I ran into a situation where I was trying to place files for support, and they only supported 3des ciphers (3des-cbc,blowfish-cbc,3des-cbc). The global ssh client configuration on my system only supported aes ciphers. Instead of adding the 3des to the global configuration (/etc/ssh/ssh_config), I wanted to add it to just one account.

$ vi ~/.ssh/config
Ciphers aes128-ctr,aes192-ctr,aes256-ctr,arcfour256,arcfour128,aes128-cbc,3des-cbc,blowfish-cbc,3des-cbc

$ chmod 400 ~/.ssh/config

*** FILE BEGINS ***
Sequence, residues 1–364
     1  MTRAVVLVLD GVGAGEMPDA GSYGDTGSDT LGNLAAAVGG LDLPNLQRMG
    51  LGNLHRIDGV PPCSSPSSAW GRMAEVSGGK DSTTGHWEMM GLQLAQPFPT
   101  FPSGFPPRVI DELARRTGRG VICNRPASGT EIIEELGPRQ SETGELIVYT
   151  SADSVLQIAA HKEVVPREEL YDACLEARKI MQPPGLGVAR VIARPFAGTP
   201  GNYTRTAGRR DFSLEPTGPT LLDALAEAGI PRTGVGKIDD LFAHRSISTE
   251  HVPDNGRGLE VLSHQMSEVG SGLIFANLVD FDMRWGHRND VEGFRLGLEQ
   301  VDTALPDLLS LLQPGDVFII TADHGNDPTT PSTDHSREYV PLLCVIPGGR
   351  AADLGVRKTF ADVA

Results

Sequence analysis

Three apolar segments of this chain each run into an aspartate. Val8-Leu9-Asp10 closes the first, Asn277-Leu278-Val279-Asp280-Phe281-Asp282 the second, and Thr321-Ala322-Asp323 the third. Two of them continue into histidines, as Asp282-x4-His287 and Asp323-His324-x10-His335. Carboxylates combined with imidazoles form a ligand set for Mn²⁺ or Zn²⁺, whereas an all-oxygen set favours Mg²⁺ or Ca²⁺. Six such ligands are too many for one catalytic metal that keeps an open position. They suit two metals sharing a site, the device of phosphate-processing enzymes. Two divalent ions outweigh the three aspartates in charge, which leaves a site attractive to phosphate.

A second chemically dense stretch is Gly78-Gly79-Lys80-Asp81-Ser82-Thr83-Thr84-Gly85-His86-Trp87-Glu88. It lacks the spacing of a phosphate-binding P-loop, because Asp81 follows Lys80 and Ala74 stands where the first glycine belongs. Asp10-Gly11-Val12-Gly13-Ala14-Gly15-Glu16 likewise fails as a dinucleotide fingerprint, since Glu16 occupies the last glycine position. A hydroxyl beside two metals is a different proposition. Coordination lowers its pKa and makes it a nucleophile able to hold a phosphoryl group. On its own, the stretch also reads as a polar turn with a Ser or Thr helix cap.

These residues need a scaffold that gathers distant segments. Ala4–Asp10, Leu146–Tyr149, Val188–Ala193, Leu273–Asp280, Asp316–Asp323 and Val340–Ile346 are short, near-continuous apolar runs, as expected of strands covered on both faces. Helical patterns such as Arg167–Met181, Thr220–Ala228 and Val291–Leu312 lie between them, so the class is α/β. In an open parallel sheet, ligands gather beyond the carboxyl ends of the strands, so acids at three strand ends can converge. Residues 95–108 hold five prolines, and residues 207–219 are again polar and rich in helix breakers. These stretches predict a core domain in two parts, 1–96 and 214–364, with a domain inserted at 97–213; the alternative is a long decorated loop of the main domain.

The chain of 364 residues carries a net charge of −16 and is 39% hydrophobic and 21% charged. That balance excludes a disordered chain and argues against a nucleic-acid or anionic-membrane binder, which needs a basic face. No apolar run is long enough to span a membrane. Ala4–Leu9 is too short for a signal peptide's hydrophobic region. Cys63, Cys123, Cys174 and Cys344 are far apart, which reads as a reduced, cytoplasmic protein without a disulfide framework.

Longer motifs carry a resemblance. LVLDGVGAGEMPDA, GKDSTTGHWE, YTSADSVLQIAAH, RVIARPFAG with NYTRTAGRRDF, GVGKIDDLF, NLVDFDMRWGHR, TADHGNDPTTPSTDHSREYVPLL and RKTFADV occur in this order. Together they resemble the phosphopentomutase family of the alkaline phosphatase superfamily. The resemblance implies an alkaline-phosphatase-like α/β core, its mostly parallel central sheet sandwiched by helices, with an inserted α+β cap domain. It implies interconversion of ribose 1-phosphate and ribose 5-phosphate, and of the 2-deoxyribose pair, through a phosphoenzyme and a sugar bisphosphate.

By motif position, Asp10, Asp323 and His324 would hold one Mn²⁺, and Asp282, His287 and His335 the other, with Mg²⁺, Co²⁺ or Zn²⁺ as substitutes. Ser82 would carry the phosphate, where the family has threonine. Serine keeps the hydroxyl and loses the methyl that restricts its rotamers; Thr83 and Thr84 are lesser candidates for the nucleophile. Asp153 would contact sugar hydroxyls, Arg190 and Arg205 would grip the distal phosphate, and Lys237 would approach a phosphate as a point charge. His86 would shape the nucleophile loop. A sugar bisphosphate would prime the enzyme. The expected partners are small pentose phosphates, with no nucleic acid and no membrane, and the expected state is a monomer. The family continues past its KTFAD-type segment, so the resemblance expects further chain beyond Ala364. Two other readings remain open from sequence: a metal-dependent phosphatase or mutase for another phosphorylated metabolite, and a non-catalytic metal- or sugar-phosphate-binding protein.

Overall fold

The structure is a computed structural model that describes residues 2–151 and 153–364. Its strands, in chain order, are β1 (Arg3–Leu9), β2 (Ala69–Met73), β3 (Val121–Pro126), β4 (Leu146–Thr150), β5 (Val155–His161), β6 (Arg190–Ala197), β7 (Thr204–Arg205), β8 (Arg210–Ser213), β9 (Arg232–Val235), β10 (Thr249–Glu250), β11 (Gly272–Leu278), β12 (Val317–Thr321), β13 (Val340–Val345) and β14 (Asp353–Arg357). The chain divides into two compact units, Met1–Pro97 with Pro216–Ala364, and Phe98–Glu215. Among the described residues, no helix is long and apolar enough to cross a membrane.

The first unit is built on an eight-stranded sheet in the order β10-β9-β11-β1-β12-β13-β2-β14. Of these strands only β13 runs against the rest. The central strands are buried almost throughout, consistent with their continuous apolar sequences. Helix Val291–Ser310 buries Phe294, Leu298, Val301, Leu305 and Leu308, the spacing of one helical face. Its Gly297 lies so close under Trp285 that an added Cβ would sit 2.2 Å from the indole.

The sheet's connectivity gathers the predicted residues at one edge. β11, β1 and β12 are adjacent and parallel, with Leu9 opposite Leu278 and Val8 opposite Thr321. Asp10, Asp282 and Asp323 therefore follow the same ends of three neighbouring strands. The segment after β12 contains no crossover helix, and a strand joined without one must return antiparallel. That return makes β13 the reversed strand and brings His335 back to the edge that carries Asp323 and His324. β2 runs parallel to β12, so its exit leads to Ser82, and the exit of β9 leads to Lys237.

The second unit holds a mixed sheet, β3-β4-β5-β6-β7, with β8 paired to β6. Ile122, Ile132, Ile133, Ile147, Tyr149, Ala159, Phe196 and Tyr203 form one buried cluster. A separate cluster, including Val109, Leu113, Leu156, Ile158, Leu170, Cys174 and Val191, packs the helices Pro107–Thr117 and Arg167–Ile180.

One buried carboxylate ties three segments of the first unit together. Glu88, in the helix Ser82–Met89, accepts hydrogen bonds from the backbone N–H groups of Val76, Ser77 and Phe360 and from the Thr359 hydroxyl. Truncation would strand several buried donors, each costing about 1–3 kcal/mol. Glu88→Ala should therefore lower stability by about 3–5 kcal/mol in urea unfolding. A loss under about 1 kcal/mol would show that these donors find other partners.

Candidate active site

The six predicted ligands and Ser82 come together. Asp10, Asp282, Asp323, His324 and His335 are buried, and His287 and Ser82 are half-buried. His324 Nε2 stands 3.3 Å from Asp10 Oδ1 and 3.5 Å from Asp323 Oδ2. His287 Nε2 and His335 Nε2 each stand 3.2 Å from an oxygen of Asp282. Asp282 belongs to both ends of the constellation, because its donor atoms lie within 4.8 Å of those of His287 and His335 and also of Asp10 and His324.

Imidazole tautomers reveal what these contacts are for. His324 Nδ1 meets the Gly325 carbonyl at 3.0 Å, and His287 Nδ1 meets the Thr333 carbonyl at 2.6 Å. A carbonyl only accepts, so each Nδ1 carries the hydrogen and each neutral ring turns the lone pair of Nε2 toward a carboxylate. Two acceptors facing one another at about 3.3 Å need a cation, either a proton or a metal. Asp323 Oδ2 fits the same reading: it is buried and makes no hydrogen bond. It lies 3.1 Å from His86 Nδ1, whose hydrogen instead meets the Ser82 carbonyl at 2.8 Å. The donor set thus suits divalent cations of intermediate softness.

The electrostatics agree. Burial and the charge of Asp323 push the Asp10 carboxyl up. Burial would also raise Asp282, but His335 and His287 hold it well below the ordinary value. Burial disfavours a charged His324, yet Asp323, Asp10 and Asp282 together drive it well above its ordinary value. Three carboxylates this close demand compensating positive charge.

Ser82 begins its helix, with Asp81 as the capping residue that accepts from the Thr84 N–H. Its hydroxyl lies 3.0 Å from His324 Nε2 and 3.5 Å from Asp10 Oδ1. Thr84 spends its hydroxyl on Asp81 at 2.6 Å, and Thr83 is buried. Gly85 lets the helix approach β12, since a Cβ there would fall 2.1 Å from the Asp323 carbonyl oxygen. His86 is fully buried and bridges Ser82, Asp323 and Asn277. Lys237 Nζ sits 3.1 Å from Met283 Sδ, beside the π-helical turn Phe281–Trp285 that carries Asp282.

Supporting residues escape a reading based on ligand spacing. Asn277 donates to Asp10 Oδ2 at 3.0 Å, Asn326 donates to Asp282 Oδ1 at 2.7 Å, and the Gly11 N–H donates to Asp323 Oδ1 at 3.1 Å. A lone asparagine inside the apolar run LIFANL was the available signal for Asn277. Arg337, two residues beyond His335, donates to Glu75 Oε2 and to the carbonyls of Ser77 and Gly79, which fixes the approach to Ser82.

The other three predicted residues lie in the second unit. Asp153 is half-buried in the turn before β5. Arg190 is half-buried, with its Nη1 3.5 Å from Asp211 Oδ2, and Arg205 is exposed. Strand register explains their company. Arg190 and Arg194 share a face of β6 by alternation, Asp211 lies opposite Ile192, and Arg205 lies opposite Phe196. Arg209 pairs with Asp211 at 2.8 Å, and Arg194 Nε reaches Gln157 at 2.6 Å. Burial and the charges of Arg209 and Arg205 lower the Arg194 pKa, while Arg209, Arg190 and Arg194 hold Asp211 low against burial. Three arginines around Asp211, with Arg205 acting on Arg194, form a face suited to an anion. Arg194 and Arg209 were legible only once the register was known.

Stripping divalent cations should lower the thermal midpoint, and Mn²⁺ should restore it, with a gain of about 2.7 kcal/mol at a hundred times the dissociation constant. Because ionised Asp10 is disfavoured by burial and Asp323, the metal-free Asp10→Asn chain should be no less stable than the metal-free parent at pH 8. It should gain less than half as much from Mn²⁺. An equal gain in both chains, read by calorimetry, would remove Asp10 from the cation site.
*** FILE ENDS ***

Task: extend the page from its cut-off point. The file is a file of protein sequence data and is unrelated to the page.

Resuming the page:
Then, I could run ssh/sftp/scp with -vvv to verify. You should see the following output:

debug2: ciphers ctos: aes128-ctr,aes192-ctr,aes256-ctr,arcfour256,arcfour128,aes128-cbc,3des-cbc,blowfish-cbc,3des-cbc
debug2: ciphers stoc: aes128-ctr,aes192-ctr,aes256-ctr,arcfour256,arcfour128,aes128-cbc,3des-cbc,blowfish-cbc,3des-cbc

Of course, you can add any customization you want to the ~/.ssh/config file you want. This is just an example. What got me was the global config file is call ssh_config, while the user config file is called config. man ssh_config help me discover the correct name. If you do not have the correct name, you need to pass a -F myspecialcustomconfigfile to the ssh/sftp/scp command.